MELISSA BLOCK, host:
President Obama in his speech yesterday also talked about the price of gas. In some parts of the country, it's over $4 a gallon.
Republicans who may challenge the president in next year's election see an opportunity there, as NPR's Jeff Brady reports.
JEFF BRADY: Show up in Iowa just before an election year, take a few swipes at the current Democratic president, and we can safely assume you're at least thinking about running for the Republican nomination.
Last week, the Conservative Principles PAC Conference was held in Des Moines. Minnesota Representative Michele Bachmann began her speech talking about energy.
Representative MICHELE BACHMANN (Republican, Minnesota): Let's take a look: $1.83. That is the price that gasoline was the day before Barack Obama took office as president of the United States. Is it time for a change?
Unidentified Group: Yeah.
BRADY: Bachmann draws a direct connection between the number of new drilling permits issued in the Gulf of Mexico under President Obama's watch and the current price of gasoline. The woman who made the phrase drill, baby, drill popular does the same thing. A recent Facebook post by former Alaska Governor Sarah Palin is titled "The $4 Per Gallon President."
Oil market analysts say recent price hikes have more to do with turmoil in the Middle East than administration policies. Still, much of what potential GOP candidates have to say about energy deals with supply.
Here's Mississippi Governor Haley Barbour at that same conference.
Governor HALEY BARBOUR (Republican, Mississippi): We need more oil. We need more gas. We need more coal. We need more nuclear. We need more American energy. And that...
(Soundbite of applause)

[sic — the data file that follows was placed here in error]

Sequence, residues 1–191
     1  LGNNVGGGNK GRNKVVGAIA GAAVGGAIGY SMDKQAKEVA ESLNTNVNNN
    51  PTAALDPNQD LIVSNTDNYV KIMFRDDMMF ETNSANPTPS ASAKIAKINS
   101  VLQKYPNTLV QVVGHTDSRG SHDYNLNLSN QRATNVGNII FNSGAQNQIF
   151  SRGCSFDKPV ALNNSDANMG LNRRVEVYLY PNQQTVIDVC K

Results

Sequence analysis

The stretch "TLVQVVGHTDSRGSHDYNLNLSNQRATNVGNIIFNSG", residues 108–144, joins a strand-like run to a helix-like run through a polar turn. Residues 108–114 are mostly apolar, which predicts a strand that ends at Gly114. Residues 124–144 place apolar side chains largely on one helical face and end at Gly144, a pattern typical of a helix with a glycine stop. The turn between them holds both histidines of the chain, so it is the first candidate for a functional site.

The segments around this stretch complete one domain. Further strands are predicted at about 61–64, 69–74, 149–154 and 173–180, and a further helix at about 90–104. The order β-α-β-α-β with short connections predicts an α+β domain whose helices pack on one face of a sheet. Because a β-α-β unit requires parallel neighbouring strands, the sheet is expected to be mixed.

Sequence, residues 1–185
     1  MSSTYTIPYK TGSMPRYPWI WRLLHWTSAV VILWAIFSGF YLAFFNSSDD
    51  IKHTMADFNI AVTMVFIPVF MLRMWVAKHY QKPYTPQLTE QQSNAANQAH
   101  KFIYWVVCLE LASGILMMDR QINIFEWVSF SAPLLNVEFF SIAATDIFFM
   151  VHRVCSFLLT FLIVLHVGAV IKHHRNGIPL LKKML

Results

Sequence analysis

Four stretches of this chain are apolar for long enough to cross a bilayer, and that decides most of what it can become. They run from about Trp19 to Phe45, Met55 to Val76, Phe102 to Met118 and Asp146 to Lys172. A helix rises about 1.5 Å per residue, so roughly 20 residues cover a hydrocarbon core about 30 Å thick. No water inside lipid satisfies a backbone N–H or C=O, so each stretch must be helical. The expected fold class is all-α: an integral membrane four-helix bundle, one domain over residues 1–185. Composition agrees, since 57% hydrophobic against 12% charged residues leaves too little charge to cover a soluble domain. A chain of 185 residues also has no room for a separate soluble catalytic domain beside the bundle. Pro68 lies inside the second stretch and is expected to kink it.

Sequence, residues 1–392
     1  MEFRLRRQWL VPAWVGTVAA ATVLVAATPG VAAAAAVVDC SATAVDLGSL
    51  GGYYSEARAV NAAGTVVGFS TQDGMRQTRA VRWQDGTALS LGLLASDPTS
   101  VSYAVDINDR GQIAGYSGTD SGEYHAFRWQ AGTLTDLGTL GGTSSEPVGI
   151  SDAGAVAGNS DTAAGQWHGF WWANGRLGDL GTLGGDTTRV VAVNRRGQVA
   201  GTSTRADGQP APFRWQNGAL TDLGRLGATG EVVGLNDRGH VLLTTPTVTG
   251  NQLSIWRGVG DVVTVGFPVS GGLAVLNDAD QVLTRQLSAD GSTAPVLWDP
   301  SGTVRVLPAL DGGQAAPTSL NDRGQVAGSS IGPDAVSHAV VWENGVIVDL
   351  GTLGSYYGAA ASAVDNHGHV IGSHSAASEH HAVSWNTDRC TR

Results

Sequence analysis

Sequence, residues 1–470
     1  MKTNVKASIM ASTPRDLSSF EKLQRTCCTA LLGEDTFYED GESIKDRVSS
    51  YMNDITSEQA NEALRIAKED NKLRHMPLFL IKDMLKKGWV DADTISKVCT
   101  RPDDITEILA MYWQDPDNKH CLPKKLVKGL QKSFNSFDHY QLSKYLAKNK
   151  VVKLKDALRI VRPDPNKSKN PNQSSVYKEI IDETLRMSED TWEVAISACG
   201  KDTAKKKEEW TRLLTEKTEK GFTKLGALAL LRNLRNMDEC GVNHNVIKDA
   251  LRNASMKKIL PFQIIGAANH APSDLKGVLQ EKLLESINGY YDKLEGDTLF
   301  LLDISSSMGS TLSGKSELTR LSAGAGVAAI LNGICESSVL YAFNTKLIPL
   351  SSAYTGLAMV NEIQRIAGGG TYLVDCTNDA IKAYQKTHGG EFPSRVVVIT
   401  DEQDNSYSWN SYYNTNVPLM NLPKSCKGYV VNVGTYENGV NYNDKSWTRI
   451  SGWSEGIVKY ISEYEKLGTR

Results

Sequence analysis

BRADY: And that is pretty much the message you'll get from the oil industry. No wonder, just look at where oil companies spend their campaign contributions. Republicans are the beneficiaries over Democrats by a 3-to-1 margin, according to the Center for Responsive Politics.
Former House Speaker Newt Gingrich also has been making appearances on the potential candidate speaking circuit. Here he was last month at the Conservative Political Action Conference in Washington.
Mr. NEWT GINGRICH (Former Republican Representative, Georgia): What you have from the Obama administration is a war against American energy. They just can't help themselves. Even in the State of the Union, at a time when we're facing rising oil prices, what does the president want to do? He wants to raise taxes on oil and gas.
BRADY: Gingrich uses the word taxes loosely. The Obama administration has proposed increasing fees for the oil industry and getting rid of some tax deductions.
There is another potential candidate who would like to say to President Obama...
(Soundbite of TV show, "The Apprentice")
Mr. DONALD TRUMP (Chairman and CEO, Trump Organization): You're fired.
BRADY: Donald Trump was on Fox News a couple of weeks back commenting on stiff new safety and environmental rules the Obama administration put in place after the Deepwater Horizon accident.
Mr. TRUMP: I think it's beyond anything I've ever seen, that we go slow on drilling. And there are always going to be problems. You're going to have an oil spill. You're going to have this. You clean it up, and you'll fix it up, and it'll be fine.
BRADY: Beyond the Donald, there is another potential Republican candidate we haven't heard from yet, and some consider him the frontrunner. Former Massachusetts Governor Mitt Romney has made plenty of speeches, but he hasn't tied high gasoline prices to President Obama as aggressively as the others.
As gas prices rise further, though, you can bet most of the potential Republican candidates will try their best to link the two in voters' minds.
Jeff Brady, NPR News.